Looking for some advice here.
Back on May 22nd I split a strong hive that was making swarm preps. I divided the frames with swarm cells into two 10 frame deeps and moved them to another part of the yard. I left the main hive intact and in place. The swarm was prevented and that hive is doing very well.
I stayed out of both splits until June 22, which should have been plenty of time to have laying queens.
On June 22, split one had eggs and young larva in a very nice pattern. I did not look for the queen, but she is definitely in there. That hive is now booming and is covering 8-10 frames and needs more space.
Split 2 had no eggs on June 22 so I assumed a queen failure and added another 2 frames of eggs/larva to give them another chance. On July 3, I went into split 2 to check on their progress. Here's where it gets weird. There were no emergency queen cells on the donor frames, however I found an empty emergency queen cell on another frame. The side of the cell was torn open and it was empty. There were now some eggs, but the pattern was spotty. I also saw the queen. She appears to be a dink. Her wings are tattered/shredded on the ends. I doubt she could fly. I let it go hoping she was just getting going and was damaged on her final mating flight.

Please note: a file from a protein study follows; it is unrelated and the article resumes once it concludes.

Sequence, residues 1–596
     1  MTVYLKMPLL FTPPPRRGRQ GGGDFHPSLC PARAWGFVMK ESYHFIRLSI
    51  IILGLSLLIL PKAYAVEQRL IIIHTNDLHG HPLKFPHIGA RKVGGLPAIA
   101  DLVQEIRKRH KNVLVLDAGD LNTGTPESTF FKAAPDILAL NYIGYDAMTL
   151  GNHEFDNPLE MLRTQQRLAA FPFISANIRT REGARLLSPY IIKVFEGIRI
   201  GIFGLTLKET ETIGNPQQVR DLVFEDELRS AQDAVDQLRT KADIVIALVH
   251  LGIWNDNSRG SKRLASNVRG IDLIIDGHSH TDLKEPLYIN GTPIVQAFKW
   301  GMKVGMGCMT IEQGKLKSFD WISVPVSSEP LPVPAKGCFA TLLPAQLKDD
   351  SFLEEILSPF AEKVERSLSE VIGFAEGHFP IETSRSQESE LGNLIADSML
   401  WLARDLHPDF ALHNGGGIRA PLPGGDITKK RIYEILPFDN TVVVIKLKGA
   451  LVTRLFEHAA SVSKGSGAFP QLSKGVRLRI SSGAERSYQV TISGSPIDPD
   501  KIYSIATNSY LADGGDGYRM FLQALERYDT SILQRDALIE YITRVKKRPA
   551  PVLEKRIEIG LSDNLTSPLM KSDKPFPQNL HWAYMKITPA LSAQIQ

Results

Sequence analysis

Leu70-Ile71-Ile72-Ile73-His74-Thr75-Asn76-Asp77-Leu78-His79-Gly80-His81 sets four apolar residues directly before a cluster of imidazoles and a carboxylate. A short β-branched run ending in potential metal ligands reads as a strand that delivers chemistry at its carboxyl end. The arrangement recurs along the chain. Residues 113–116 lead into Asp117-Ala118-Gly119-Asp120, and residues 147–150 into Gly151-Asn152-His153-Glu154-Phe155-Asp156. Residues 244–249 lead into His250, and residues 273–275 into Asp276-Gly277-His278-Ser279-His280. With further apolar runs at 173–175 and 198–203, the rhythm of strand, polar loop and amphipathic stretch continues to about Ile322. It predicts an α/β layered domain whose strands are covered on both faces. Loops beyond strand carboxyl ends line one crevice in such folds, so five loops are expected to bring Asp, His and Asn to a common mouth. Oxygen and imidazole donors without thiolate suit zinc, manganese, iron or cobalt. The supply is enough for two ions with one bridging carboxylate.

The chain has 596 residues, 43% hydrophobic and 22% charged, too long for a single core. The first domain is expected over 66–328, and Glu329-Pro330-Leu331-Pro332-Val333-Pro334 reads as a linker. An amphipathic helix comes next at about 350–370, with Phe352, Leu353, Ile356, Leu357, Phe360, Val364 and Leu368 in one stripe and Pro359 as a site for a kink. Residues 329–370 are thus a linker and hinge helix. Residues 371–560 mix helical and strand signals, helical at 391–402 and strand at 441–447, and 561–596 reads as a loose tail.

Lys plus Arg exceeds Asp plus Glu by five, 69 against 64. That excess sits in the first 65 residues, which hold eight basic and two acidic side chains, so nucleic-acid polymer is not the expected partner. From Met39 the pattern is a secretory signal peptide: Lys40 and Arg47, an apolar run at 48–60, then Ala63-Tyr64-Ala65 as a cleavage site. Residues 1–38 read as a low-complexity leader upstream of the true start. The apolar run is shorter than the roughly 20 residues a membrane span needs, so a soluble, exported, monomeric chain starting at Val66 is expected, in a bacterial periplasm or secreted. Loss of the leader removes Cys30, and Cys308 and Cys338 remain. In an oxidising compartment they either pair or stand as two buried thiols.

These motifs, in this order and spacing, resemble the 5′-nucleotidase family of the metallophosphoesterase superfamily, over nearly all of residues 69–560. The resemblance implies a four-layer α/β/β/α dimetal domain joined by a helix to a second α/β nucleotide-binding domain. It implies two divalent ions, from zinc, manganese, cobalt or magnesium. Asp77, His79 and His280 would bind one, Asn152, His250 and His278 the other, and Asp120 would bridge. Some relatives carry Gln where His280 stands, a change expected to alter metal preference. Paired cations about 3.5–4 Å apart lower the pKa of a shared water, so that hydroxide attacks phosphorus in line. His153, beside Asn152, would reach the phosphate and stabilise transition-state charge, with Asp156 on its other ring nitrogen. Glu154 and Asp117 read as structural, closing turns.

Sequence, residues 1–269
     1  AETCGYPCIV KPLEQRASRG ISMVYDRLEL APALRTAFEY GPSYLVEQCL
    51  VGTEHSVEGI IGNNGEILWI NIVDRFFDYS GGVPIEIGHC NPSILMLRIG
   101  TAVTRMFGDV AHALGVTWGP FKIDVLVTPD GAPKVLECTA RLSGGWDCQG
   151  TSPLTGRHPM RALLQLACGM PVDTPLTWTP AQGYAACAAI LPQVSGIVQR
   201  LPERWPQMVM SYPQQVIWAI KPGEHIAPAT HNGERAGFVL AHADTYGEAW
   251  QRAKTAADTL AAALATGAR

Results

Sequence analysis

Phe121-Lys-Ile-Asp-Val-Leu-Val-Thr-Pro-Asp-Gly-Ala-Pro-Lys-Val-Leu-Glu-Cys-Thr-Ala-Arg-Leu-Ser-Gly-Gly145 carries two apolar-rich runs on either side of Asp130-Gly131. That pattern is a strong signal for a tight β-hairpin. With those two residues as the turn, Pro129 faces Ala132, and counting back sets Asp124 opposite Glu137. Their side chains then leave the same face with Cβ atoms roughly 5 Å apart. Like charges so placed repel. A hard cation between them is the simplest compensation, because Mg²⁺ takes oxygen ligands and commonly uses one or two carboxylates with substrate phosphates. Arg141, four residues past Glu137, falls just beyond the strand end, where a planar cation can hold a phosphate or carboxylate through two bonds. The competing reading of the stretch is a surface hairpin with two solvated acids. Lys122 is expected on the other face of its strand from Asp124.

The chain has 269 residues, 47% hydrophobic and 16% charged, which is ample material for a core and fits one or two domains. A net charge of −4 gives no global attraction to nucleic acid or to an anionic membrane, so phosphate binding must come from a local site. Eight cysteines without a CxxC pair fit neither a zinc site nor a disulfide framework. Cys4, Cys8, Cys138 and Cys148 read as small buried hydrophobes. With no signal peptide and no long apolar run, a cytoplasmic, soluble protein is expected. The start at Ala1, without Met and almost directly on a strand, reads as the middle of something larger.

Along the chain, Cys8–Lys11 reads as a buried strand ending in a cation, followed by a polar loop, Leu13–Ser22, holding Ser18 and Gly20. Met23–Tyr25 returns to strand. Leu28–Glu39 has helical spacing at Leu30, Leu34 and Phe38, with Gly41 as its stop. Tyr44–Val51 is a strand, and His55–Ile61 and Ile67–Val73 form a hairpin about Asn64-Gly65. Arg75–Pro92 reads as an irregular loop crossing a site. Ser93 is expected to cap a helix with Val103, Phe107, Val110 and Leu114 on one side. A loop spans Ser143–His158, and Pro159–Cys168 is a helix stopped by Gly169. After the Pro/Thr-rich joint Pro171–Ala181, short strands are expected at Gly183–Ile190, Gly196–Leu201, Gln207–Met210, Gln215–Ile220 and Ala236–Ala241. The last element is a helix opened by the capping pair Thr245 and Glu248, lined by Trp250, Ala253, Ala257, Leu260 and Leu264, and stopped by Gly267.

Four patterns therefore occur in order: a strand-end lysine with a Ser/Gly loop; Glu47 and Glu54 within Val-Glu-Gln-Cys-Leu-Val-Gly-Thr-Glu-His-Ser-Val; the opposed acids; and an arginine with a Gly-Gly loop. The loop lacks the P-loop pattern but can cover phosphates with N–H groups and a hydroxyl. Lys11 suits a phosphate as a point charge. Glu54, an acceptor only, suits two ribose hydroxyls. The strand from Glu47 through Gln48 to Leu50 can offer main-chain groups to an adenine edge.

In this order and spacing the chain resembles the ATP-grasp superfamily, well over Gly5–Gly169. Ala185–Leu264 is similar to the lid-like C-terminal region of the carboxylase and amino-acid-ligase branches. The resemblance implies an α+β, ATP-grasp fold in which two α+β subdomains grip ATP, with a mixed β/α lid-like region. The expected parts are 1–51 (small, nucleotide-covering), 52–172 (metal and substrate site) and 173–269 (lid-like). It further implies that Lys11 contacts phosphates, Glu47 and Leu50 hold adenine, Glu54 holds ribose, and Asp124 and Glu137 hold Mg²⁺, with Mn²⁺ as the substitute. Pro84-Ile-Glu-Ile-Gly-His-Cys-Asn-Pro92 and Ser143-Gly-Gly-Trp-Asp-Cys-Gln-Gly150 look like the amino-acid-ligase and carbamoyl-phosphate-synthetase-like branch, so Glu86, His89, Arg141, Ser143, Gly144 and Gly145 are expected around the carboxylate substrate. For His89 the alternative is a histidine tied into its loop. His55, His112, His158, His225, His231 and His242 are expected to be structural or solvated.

I went back in yesterday and confirmed the worst. She is laying very poorly and a lot of drone. At the time I expected the new queens to be out on mating flights, we had some awful weather with numerous thunderstorms daily. I feared for the new queens. I'm wondering if I lost the original queen to bad weather.
So here's where I am: The math doesn't quite add up for this split 2 queen, and I don't know why. Not a big deal, since it doesn't matter now. My dilemma is, at this late stage, do I pinch the dink and:
A) Order a new queen
B) Give them one last chance with a couple frames of eggs.
C) Combine them with the other split.
I'm leaning toward option C. That gives the queen in the strong split more room to lay. It turns a weak split and a strong split into a very strong colony. Finally it eliminates the risk of possibly taking a weak hive into winter. Were heading into dearth now.
I think I've answered my own question, but would like the opinion of others.